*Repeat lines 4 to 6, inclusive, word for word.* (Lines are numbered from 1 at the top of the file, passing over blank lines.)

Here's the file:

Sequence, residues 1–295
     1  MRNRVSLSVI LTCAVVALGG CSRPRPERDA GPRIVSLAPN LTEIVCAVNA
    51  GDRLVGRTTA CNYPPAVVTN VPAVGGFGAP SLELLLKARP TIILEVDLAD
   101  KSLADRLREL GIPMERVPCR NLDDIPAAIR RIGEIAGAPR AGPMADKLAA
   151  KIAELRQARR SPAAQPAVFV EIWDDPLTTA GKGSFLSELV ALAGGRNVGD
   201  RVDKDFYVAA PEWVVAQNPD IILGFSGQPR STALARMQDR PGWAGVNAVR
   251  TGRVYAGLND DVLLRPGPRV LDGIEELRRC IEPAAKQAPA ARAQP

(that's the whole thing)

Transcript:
   101  KSLADRLREL GIPMERVPCR NLDDIPAAIR RIGEIAGAPR AGPMADKLAA
   151  KIAELRQARR SPAAQPAVFV EIWDDPLTTA GKGSFLSELV ALAGGRNVGD
   201  RVDKDFYVAA PEWVVAQNPD IILGFSGQPR STALARMQDR PGWAGVNAVR